Browning already has signed a new 25-year lease on 130 acres between the track property and Rogers Road that will allow him to relocate the hospitality village and set up a larger campground next to the minnow pond Brasington chose to build around, giving the track its odd shape.
In a few years, Browning would like to redo the garage, possibly create a fan zone similar to the ones in Daytona and Las Vegas. If the demand for tickets holds steady, he'd like to increase seating. Darlington is one of the smallest venues, with 61,730 grandstand seats and room for another 4,000 in the infield.
"I'm certainly pleased that Darlington is one that is surviving and that they obviously have confidence in and they are putting money back into it," said Gordon, who is looking for his eighth win here.
Mark Martin wishes they still raced here twice a year.
"That didn't seem like a racetrack that needed to lose a date," he said. "I think there are some, but I don't think Darlington is one of them."
Traditionalists would like to see the Southern 500 return here on Labor Day weekend. They emphasize that California Speedway has struggled with attendance on that date and opine that NASCAR compromised the history of the sport by moving the race.
"We're not out politicking for it because we've been fortunate with this weekend," Browning said. "But if it ever did move, it certainly needs to come back here."
Lynch said the topic does come up from time to time and didn't rule out such a move. Hunter doesn't believe it'll ever happen.
"Who said you can't go home?" he asked, rhetorically. "You can't go back, and there's no need to go back. They have something they can build on now and can become even more special."
A new lady
Pearson maneuvered around the new surface in the red and white No. 21 Purolator Mercury, the same one he drove to Victory Lane here in 1973, during a recent promotion.
It was like a blast from the past watching him duel with rising star Carl Edwards on tires that were older than the 28-year-old in the Roush Fenway Ford.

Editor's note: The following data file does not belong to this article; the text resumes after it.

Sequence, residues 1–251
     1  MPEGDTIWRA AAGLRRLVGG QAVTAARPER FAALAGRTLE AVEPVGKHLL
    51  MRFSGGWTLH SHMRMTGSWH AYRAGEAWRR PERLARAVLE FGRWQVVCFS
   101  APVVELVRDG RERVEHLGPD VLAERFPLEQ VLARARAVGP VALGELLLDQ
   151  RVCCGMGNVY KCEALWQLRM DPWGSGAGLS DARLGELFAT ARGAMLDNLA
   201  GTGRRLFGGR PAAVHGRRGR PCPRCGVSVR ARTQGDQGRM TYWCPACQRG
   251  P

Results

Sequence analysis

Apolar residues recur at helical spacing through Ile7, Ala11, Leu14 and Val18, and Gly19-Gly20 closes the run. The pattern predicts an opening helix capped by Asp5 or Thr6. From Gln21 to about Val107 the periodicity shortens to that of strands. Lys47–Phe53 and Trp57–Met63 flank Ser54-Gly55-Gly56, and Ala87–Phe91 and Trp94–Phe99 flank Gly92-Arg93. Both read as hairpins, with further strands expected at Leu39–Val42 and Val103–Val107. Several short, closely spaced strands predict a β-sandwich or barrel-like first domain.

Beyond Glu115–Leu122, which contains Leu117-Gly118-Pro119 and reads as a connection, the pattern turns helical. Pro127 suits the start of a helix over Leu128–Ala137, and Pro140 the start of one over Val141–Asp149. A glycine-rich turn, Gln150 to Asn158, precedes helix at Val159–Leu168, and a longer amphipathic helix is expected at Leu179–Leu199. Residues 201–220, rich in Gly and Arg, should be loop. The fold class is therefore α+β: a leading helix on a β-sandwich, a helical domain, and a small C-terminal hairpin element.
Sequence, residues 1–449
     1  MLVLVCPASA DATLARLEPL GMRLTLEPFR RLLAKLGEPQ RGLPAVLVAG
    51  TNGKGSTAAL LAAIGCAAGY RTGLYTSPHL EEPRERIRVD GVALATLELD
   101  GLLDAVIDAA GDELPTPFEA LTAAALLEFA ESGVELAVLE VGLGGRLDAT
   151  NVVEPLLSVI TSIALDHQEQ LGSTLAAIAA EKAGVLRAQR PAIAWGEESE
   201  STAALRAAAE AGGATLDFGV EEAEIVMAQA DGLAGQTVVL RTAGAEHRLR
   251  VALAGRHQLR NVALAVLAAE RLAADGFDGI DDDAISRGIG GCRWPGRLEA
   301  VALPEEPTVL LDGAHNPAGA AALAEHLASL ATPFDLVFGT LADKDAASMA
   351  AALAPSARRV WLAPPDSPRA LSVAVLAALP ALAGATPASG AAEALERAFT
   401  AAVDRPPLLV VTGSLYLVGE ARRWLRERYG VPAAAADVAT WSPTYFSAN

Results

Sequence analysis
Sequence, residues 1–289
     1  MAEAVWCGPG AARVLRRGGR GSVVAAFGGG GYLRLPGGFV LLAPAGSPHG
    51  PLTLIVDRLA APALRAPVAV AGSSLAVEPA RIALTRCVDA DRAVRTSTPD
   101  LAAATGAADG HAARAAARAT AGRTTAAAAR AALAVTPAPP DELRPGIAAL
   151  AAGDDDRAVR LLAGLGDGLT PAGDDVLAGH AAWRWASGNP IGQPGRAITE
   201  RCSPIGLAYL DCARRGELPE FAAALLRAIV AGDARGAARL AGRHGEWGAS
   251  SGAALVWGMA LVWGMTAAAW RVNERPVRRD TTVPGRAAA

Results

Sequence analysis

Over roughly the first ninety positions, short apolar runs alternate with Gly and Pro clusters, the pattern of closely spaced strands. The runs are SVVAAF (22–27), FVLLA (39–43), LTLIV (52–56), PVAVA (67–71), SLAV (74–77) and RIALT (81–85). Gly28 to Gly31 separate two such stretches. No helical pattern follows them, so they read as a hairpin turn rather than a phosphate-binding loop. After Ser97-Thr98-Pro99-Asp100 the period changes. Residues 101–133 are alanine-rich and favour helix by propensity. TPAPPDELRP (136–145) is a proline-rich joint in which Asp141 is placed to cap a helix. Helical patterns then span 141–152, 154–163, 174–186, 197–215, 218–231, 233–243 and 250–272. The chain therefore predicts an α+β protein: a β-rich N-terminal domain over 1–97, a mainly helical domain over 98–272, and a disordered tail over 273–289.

Old surface. New surface. Pearson didn't care. Give him good equipment and he believed he could make a run at an 11th Darlington win.
"I don't see why I couldn't," the 73-year-old legend said with a laugh.
The average speed when Pearson won his first race at Darlington in 1970 was 129.668 mph. He went about that fast against Edwards, who was driving one of his show cars.
Speeds were about 200 mph entering the treacherous corners where the white walls soon will be covered in black tire marks -- thus the famous Darlington Stripe -- in the first of two tire tests.
Kyle Busch's top speed (175.278 mph) in Thursday's first practice was almost 12 mph faster than the top speed in the first practice a year ago. Thirty-one drivers were faster than the track record (173.797 mph) established by Ward Burton in 1996.
Pearson wishes he were young enough to test the surface for real. Those who have to race Saturday night are anxious, though, to say the least.
"I don't have any answers," Jeff Burton said. "I just feel like I have all questions."
NASCAR gave drivers extra time on the track to help answer those questions. The governing body scheduled two practices on Thursday, normally a travel day, and two more for Friday.
Hunter said that the same drivers who liked the track before are going to like it now and that the ones who hated it will still hate it.
"I drove around the track the other day, and Turn 2 still jumps out at you," he said. "You run out of room like you always have. There are no bumps anymore, but within a couple of years, when the track settles, it's going to be the same old Darlington. You're going to see the stripe."
Browning can't wait for fans to see the new surface and all the other improvements that make the place look like "night and day" from the day he first arrived.
"When everyone comes back, they're going to see a dramatic new Darlington than they saw a year ago," he said. "I hope next year when they come back it'll be the same kind of wow factor."
And for many years after that.
David Newton covers NASCAR for ESPN.com. He can be reached at email@example.com.